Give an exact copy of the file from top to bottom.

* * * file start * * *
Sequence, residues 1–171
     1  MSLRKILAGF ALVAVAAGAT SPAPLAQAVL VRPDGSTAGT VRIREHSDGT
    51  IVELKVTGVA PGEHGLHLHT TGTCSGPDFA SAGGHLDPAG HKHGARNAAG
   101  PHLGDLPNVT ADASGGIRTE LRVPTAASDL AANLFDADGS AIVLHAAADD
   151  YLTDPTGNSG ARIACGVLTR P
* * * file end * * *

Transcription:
Sequence, residues 1–171
     1  MSLRKILAGF ALVAVAAGAT SPAPLAQAVL VRPDGSTAGT VRIREHSDGT
    51  IVELKVTGVA PGEHGLHLHT TGTCSGPDFA SAGGHLDPAG HKHGARNAAG
   101  PHLGDLPNVT ADASGGIRTE LRVPTAASDL AANLFDADGS AIVLHAAADD
   151  YLTDPTGNSG ARIACGVLTR P